Security professionals seeking to advance their careers often ask me whether certifications are worth it, and, if so, which ones they should pursue. The answer, of course, depends on the person and his or her goals. Plenty of people excel without a credential.
Steven Seiden, president of Acquired Data Solutions (ADS), has been involved in “digital divide issues” for more than 20 years, and he believes broadening inclusion and diversity in the STEM literacy field is one of his purposes. An engineer by trade, Seiden has experienced a shift in the tech world over the years, watching the convergence of technology, IT and IOT and noting the ever-expanding engineering lifecycle that now includes security.
Here’s an embarrassing admission: I’m a lifelong Jets fan. If you need proof that the organization is considered a laughingstock, a 2019 article in Inc. magazine is titled, “Want to Be a Great Leader? Look to the New York Jets—and Then Do the Opposite.”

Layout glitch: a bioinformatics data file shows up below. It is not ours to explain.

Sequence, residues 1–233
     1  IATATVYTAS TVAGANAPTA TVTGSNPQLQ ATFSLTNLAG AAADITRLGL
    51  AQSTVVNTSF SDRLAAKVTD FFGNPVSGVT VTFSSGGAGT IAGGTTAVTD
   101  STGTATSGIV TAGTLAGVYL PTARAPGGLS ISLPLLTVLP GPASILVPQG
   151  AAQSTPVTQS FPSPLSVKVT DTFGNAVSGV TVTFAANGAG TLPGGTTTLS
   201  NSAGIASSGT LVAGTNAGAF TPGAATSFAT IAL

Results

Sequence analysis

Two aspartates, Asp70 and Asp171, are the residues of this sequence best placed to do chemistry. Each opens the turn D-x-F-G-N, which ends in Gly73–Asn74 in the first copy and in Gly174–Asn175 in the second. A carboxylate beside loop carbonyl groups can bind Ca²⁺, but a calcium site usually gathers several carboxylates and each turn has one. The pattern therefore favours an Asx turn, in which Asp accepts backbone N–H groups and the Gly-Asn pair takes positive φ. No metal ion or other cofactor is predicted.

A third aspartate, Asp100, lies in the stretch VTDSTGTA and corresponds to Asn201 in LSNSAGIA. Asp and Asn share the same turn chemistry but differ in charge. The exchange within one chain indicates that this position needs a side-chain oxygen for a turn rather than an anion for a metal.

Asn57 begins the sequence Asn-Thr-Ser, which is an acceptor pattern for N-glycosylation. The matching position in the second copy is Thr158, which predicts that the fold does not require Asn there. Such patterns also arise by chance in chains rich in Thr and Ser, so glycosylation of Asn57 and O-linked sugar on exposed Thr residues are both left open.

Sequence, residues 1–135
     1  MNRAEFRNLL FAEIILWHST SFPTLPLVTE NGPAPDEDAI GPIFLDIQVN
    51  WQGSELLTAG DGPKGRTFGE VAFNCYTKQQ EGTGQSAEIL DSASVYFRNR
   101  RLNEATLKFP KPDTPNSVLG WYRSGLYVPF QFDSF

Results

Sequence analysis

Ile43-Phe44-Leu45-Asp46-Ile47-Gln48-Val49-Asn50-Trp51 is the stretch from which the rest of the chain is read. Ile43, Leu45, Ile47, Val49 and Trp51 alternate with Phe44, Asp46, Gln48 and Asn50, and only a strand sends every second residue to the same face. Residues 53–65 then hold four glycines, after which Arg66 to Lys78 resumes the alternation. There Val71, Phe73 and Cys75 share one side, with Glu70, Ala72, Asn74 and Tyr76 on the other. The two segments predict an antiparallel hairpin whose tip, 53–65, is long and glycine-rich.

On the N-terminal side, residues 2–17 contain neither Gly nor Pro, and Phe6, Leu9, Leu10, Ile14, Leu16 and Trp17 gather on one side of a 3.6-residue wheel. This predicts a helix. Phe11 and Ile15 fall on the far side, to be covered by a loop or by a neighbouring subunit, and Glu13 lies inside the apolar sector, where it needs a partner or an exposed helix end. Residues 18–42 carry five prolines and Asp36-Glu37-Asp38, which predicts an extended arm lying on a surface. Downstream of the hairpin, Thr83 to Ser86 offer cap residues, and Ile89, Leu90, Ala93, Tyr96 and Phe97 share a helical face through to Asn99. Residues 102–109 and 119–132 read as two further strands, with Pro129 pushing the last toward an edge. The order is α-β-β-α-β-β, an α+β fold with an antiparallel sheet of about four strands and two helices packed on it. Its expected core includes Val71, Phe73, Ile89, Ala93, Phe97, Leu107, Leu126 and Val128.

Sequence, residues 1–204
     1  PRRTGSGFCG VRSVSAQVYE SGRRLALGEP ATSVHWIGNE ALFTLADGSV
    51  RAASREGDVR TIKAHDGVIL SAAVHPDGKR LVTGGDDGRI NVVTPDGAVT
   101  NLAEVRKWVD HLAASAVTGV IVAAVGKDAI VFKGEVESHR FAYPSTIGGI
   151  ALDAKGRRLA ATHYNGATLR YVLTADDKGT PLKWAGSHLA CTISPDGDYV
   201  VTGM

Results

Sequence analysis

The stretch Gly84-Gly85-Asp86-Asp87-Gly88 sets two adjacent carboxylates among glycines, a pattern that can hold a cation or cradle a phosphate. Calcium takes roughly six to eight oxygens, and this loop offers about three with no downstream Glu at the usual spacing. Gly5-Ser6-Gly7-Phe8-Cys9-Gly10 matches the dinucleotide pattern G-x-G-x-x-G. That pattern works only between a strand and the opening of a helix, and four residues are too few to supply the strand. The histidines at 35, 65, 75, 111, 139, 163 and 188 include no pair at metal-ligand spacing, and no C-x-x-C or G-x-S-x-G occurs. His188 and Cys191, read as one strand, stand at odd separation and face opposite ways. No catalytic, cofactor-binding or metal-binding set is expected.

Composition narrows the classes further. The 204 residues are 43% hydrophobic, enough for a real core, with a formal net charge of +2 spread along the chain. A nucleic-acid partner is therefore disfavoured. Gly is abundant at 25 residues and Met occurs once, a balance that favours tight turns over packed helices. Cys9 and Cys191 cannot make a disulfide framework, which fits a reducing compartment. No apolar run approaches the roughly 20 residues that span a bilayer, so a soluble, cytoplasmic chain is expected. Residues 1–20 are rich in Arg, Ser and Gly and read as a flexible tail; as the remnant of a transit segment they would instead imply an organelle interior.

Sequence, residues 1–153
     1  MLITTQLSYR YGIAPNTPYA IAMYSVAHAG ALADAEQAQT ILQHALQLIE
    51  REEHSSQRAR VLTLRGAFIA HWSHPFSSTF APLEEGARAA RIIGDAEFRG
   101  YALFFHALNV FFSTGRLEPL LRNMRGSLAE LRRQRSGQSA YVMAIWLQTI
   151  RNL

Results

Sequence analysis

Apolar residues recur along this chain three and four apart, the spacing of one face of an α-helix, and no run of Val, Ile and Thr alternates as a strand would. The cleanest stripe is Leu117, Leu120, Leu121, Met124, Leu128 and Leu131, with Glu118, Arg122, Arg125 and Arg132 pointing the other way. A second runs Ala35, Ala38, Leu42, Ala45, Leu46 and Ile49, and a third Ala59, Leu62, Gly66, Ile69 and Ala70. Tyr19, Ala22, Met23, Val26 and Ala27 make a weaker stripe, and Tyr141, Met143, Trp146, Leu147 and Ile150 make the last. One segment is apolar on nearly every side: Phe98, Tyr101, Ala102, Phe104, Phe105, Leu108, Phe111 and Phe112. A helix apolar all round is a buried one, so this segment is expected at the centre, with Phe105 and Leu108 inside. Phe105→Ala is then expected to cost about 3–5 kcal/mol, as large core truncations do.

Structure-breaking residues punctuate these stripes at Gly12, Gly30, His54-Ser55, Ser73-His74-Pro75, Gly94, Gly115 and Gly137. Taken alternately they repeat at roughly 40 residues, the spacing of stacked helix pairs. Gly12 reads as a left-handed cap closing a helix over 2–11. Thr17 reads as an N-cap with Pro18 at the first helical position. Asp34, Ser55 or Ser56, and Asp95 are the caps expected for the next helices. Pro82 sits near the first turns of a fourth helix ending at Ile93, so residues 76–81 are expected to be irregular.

Security search firms are frequently contacted by job seekers who reach out to request the recruitment company assist them in finding a new job. Inquiries come from professionals and executives in various stages of their public or private sector careers.
Today, open-source code is everywhere. In fact, 99% of all codebases contain open-source code, and anywhere from 85% to 97% of enterprise codebases come from open-source. What does that mean, exactly? It means that the vast majority of our applications consist of code we did not write.
We have previously talked about many aspects of how to advance your security career. This includes having a thorough understanding of both soft and operational skills sought after by organizations. The ability to execute on these attributes is valued when companies look for top talent for senior level security roles.
Last month this column looked at how humor can enhance leadership. Inspired by the book "Plato and a Platypus Walk Into a Bar: Understanding Philosophy Through Jokes," this month’s column explains security leadership through jokes.
As China forges its role as one of the great world powers, it relies upon a blast furnace of espionage operations to acquire foreign technologies and intellectual property, better position itself against competing international powers and control its own image both at home and abroad.